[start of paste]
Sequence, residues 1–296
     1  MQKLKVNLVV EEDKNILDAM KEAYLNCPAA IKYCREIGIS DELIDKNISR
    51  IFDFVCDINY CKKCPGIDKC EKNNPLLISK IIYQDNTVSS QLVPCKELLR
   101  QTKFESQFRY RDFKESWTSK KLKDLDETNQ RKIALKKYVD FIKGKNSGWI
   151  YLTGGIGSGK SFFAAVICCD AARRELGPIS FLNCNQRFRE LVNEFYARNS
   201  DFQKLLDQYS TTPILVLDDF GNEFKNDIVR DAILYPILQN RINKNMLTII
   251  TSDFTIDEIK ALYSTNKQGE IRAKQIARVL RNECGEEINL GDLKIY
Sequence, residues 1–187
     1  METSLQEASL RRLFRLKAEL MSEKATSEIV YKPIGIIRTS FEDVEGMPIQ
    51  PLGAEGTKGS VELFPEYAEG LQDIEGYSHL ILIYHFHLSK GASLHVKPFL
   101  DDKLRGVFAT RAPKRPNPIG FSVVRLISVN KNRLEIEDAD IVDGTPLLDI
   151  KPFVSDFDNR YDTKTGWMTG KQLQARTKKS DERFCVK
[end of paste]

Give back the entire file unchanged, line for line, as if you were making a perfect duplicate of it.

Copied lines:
Sequence, residues 1–296
     1  MQKLKVNLVV EEDKNILDAM KEAYLNCPAA IKYCREIGIS DELIDKNISR
    51  IFDFVCDINY CKKCPGIDKC EKNNPLLISK IIYQDNTVSS QLVPCKELLR
   101  QTKFESQFRY RDFKESWTSK KLKDLDETNQ RKIALKKYVD FIKGKNSGWI
   151  YLTGGIGSGK SFFAAVICCD AARRELGPIS FLNCNQRFRE LVNEFYARNS
   201  DFQKLLDQYS TTPILVLDDF GNEFKNDIVR DAILYPILQN RINKNMLTII
   251  TSDFTIDEIK ALYSTNKQGE IRAKQIARVL RNECGEEINL GDLKIY
Sequence, residues 1–187
     1  METSLQEASL RRLFRLKAEL MSEKATSEIV YKPIGIIRTS FEDVEGMPIQ
    51  PLGAEGTKGS VELFPEYAEG LQDIEGYSHL ILIYHFHLSK GASLHVKPFL
   101  DDKLRGVFAT RAPKRPNPIG FSVVRLISVN KNRLEIEDAD IVDGTPLLDI
   151  KPFVSDFDNR YDTKTGWMTG KQLQARTKKS DERFCVK